Tag Archives: Bucky Barnes

Tales of Suspense #71, Nov. 1965

Tales of Suspense #71, Nov. 1965

A study in splendor by Stan Lee, writer!
A muse of majesty by Don Heck, artist!
A glimmer of glory by Wally Wood, inker!
A nice lettering job by Art Simek, bon vivant!

Written with the passion of Stan Lee
Laid-out with the power of Jack Kirby
Pencilled with the punch of George Tuska
Inked with the prowess of Joe Sinnott
Lettered with the penpoint of Sam Rosen

This is a pretty good balance for an Iron Man story. He prevails over the tough foe as a superhero, yet is thought of as a complete asshole by everyone else because they think Tony Stark didn’t even show up to the fight, or go to the hospital with Happy Hogan when he nearly got killed. Stark usually has everything going for him, and I’m sure it’ll go back to that way soon enough, but it’s nice to have that little moment of humility in there.

Happy Hogan has been seriously injured delivering a weapon to Iron Man during his fight with Titanium Man. Thinking that his friend has been killed, Stark really unloads on Titanium Man and corners the commie against a wall with his superior fighting prowess. He finally uses the weapon Happy brought him to render Titanium Man’s armor completely useless, then gets him to say that he surrenders on TV. In the hospital, it looks like Happy may not make it, and by the time Stark gets there, everybody’s angry at him.

A Nazi named Major Uberhart is planning to shoot a rocket into London (right on top of Churchill’s house, even!) with Captain America and Bucky tied to the side of it. The clumsy Nazis drop Cap and he wakes up, which allows him to easily overpower the enemy forces and take control of the rocket. He gets the crazy doctor who came up with the plan to change the trajectory of the rocket to hit the Nazis who were threatening Steve Rogers’ platoon (which he abandoned to turn into Cap), and then the whole castle blows up with the good guys safely out of the way.

All right, it looks like this is the last story in this magazine about Captain America’s adventures during WWII, and we’re going to go back to “modern” times! That’s great for me, since super-villains are always way more interesting than Nazis (though I gotta give Uberhart credit for wanting to blow up Churchill’s house with Captain America strapped to a rocket), plus I get more than enough of my daily Nazi requirement with Sgt. Fury.

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Tales of Suspense #70, Oct. 1965

Tales of Suspense #70, Oct. 1965

Story: Scribbled and scrawled by: Stan Lee
Illustration: Doodled and dawdled by: Don Heck
Delineation: Battered and blotted by: Mickey Demeo
Lettering: Mumbled and jumbled by: Sam Rosen

Story by Stan Lee
Layouts by Jack Kirby
Lettering by S. Rosen
Art by George Tuska

I don’t usually spend a lot of time talking about the love triangles in Iron Man and Daredevil, partly because they’re so similar, partly because they’re really stupid. Still, it’s important to note at this point that both Tony Stark and his chauffeur Happy Hogan are in love with Stark’s secretary, Pepper Potts. Stark thinks he can’t be with her because his heart is powered by a battery, and Happy gets all mopey and annoying any time Pepper even talks to Tony, since this is obviously a clear sign she doesn’t care about Happy at all. See why I don’t talk about this?

Iron Man is taking a right old beating in the fight against Titanium Man, due to the fact that Bullski created the suit specifically to defeat Iron Man, and also that he’s cheating and laid mines down everywhere. There’s a quick break after fifteen minutes of fighting so both people can repair themselves, and Tony decides to use a prototype weapon that he left back in his hotel room to win the contest. It’s not there when he gets there, so he sends Happy to go get it from some countess who wants to get into Stark’s pants, as she stole the thing so he’d have to talk to her. Happy finds her and retrieves the weapon, but arrives back at the battlefield after round two has started. Disregarding his own safety, Happy rushes out to give Iron Man the weapon, but is killed by the Titanium Man! Oh no!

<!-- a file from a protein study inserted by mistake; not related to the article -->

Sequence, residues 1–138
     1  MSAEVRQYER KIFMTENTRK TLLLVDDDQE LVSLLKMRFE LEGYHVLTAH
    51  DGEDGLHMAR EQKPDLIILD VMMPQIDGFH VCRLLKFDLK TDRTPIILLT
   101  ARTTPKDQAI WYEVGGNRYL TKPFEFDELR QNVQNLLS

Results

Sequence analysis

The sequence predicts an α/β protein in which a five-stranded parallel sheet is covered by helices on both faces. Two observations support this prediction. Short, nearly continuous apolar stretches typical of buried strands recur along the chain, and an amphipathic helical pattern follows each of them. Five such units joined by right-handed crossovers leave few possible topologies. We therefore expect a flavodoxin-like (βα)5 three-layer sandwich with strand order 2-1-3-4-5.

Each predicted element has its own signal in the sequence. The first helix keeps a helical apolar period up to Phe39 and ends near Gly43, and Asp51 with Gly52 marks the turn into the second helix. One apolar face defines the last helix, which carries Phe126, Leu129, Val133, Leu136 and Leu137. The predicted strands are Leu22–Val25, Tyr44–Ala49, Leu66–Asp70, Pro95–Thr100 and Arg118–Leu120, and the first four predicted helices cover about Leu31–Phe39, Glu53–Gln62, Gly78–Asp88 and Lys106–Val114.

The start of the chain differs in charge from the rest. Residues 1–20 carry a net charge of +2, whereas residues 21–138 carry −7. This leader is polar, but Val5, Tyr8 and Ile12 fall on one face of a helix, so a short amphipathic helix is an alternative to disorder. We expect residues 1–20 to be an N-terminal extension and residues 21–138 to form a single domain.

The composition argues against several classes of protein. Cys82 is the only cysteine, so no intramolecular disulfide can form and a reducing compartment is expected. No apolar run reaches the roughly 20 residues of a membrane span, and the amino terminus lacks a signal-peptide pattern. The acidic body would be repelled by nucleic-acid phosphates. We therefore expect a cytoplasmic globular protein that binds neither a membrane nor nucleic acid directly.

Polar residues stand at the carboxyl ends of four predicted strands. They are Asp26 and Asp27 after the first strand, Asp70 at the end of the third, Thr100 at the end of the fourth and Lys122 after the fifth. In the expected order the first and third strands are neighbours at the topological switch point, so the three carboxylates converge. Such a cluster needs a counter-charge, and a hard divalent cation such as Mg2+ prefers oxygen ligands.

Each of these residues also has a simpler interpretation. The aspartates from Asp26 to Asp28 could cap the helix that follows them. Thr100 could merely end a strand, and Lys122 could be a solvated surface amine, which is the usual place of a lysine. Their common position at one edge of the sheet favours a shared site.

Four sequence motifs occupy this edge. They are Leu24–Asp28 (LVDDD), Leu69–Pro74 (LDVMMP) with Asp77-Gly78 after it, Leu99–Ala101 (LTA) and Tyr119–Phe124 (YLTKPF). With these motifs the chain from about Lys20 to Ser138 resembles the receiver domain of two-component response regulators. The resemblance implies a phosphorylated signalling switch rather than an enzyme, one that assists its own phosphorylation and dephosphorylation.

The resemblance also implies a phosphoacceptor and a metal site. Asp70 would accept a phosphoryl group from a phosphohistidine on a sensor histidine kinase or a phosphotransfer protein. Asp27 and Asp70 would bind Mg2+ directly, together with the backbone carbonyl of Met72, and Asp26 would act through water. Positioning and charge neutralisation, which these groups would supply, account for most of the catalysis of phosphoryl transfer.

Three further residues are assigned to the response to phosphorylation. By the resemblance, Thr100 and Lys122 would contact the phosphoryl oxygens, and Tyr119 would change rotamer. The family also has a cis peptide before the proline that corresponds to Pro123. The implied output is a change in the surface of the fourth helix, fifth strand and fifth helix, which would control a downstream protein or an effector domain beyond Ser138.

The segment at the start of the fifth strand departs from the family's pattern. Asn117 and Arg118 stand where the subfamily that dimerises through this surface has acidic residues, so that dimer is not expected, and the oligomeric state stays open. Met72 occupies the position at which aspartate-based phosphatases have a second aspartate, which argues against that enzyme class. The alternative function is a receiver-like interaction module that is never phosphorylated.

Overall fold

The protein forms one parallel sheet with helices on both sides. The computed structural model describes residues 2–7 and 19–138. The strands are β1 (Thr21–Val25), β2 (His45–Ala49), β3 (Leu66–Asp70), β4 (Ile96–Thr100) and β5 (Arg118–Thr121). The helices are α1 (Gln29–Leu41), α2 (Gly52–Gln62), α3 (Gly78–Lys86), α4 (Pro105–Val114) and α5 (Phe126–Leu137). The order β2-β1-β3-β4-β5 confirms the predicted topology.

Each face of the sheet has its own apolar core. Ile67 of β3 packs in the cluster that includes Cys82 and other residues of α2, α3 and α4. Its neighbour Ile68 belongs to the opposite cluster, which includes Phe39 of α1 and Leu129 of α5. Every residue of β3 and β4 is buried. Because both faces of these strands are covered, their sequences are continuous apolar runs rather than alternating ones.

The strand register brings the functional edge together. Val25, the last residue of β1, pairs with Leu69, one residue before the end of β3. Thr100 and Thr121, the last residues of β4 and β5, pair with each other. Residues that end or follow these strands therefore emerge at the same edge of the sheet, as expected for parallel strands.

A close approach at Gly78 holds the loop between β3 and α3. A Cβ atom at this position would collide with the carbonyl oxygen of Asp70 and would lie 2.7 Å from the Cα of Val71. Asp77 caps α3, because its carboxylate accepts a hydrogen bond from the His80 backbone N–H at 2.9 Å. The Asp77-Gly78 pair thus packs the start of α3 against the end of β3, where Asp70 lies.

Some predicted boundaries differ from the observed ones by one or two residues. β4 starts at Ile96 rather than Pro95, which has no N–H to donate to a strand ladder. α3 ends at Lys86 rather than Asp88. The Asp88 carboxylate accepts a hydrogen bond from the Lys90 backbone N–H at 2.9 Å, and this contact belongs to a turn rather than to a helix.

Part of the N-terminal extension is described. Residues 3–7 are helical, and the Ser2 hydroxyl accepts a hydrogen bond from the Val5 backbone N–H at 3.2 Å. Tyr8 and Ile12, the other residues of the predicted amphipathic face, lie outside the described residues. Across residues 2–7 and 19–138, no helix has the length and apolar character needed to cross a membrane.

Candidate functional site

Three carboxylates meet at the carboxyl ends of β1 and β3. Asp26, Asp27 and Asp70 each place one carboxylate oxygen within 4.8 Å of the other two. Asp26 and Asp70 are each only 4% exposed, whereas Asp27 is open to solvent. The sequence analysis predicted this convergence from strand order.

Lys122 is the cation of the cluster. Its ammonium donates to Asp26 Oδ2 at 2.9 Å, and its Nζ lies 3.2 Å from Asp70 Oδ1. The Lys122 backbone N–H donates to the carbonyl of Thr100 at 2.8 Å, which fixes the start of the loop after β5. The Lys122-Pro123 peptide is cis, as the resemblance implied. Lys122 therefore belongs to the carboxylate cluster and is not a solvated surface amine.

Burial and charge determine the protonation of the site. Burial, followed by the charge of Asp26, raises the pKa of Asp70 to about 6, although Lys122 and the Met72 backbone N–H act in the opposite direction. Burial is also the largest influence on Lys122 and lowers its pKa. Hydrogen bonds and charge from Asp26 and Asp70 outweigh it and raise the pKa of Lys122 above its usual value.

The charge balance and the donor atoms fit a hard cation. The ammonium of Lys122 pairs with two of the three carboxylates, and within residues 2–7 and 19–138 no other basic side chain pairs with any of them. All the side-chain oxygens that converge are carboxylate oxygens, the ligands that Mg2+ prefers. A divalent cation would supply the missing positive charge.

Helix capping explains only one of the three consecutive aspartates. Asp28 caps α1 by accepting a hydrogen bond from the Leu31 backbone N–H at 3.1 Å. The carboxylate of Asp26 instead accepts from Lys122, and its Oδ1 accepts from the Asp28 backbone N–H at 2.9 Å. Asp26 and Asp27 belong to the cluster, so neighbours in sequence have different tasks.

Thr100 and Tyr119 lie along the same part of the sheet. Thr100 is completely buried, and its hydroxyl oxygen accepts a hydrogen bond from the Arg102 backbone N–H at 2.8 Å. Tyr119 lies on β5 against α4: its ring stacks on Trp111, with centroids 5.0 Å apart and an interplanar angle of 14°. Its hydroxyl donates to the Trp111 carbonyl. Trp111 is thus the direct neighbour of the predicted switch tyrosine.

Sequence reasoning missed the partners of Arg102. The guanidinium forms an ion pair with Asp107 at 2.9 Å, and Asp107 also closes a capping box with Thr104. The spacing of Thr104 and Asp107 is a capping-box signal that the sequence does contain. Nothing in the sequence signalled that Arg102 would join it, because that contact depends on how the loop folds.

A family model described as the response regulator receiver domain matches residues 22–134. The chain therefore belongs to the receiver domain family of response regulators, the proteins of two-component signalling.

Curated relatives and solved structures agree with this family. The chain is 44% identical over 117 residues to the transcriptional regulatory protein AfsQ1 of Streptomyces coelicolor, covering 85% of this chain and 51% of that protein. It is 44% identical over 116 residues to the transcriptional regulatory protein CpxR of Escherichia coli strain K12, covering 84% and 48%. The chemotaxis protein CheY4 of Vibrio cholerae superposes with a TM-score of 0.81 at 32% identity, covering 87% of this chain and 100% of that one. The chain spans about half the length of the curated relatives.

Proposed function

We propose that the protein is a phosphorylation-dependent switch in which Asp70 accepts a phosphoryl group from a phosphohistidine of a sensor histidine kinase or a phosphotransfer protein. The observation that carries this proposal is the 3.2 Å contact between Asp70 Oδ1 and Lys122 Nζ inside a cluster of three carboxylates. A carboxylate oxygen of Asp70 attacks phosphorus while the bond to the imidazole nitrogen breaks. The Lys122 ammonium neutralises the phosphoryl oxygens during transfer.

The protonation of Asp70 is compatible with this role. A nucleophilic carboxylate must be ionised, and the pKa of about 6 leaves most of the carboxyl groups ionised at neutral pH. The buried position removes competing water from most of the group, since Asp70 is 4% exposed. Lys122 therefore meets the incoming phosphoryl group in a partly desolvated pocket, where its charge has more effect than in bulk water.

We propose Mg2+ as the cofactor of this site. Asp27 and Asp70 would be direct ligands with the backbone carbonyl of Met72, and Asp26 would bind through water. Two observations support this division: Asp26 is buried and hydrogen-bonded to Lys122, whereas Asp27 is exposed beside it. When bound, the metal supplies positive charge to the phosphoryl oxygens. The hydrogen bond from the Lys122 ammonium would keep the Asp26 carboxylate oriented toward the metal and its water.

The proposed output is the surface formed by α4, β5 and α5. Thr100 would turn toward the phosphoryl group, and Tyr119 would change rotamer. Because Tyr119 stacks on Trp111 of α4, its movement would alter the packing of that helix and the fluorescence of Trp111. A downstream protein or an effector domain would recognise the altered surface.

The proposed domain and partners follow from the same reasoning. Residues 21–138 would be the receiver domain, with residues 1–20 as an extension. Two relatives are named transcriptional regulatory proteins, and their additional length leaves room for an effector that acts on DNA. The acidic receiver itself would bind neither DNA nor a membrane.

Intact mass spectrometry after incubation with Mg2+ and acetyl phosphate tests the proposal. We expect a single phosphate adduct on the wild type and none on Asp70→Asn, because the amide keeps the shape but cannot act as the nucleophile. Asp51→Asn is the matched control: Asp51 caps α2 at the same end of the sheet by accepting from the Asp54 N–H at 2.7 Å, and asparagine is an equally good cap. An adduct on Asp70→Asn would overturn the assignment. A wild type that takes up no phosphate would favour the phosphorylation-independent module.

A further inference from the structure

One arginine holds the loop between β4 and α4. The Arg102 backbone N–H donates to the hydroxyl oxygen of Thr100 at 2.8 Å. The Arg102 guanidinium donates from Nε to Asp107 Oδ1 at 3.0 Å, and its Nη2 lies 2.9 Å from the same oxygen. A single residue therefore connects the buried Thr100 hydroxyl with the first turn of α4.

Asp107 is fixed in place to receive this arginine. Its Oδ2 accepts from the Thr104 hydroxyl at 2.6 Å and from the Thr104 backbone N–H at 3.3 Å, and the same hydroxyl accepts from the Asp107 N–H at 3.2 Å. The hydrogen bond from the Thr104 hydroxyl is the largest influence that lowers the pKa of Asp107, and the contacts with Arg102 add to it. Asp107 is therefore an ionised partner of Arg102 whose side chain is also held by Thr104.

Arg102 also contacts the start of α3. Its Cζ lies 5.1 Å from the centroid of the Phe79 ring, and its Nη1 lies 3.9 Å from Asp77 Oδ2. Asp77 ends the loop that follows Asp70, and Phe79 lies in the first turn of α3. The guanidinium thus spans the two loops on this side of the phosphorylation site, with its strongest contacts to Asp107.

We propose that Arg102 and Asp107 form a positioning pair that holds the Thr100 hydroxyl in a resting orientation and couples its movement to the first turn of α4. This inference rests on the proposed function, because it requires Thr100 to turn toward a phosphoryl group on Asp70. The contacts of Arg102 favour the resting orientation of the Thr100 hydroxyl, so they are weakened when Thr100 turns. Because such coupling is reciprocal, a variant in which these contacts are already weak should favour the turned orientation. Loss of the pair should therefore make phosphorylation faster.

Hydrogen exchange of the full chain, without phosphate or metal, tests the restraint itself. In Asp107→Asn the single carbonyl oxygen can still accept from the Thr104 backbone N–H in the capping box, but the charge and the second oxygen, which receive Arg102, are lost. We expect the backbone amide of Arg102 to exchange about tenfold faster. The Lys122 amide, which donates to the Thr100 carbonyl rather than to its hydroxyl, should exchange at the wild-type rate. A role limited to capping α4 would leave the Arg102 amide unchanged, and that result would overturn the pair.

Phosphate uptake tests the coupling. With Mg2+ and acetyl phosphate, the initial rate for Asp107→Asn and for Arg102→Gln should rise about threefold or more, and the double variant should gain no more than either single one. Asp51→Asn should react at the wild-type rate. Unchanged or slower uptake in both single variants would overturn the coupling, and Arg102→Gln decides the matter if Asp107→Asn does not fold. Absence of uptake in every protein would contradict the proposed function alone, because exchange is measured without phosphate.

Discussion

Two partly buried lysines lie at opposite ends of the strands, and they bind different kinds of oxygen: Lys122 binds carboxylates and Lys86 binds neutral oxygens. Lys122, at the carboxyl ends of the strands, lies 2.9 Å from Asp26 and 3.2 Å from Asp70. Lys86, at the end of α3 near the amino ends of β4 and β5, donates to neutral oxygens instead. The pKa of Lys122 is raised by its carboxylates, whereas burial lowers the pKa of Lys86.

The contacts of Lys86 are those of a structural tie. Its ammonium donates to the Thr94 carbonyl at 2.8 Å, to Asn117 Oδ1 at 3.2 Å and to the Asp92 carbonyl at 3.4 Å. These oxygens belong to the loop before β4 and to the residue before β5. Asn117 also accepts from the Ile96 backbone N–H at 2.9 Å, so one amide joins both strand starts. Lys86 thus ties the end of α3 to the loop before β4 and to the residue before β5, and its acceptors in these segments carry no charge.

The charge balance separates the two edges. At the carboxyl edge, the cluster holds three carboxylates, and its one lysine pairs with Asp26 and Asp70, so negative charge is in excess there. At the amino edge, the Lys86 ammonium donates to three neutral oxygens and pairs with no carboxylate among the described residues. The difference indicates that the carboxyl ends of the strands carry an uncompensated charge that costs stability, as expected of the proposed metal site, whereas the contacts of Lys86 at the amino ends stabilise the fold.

The Nazis who’ve kidnapped Bucky have set him up in a trap for Captain America. Once he tries to free the patriotic teen, it’ll trigger some sleeping gas that’ll knock them both out. Cap doesn’t fall for this right away, but it finally goes off after he tries to make a break with Bucky from the soldiers shooting at them. The two heroes and the sister of the mad scientist who came up with the whole plan are all knocked out and tied to a rocket, which they plan to shoot at London!

Wait, I thought the plan of these guys was to shrink Cap and Bucky with the shrinking ray thing the evil doctor came up with. What’s the deal with tying them to a rocket and shooting it at London?! I’m starting to think these Nazi guys don’t have any idea what they’re doing, pssht.


Tales of Suspense #69, Sept. 1965

Tales of Suspense #69, Sept. 1965

Story by Stan Lee, the idol of millions!
Art by Don Heck, the toast of two continents!
Inking by V. Colletta, the pride of the bullpen!
Lettering by Sam Rosen, the last angry letterer!

Script by: Friendly Stan Lee
Layouts by: Frolicksome Jack Kirby
Rendering by: Frivolous Dick Ayers
Lettering by: Fearless Artie Simek

Titanium Man makes his first appearance in this issue, and he’s really just a revamping of the greatest Iron Man villain ever, the Crimson Dynamo. Unfortunately they have to make him a recurring villain, so his personality is much less interesting than the Dynamo’s, but I guess you gotta take what you can get.

A huge communist named Boris Bullski decides to get himself noticed by his superiors by building a suit specifically designed to take out Iron Man. Since titanium is stronger than iron, that’s what he tells his captured scientists to make his suit out of. Once it’s finished, he sends a challenge to Iron Man to fight him in a neutral place (which he has, of course, mined with traps), and he accepts out of patriotic necessity. The fight seems to be pretty even until ol’ Shellhead trips up one of the traps… will he be able to defeat a guy bigger and stronger than he is who also cheats?! Eh, probably.